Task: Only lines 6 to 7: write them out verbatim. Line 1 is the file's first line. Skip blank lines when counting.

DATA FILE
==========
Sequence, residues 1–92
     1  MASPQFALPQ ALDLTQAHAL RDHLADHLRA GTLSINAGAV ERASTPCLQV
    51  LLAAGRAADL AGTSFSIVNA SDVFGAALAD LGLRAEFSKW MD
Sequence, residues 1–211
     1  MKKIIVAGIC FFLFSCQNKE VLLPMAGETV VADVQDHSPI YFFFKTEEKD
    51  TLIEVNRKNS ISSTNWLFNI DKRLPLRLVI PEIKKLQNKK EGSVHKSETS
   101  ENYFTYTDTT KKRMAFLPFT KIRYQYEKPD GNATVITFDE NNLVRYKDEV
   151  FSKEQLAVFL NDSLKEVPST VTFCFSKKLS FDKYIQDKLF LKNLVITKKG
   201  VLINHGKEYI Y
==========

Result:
    51  TLIEVNRKNS ISSTNWLFNI DKRLPLRLVI PEIKKLQNKK EGSVHKSETS
   101  ENYFTYTDTT KKRMAFLPFT KIRYQYEKPD GNATVITFDE NNLVRYKDEV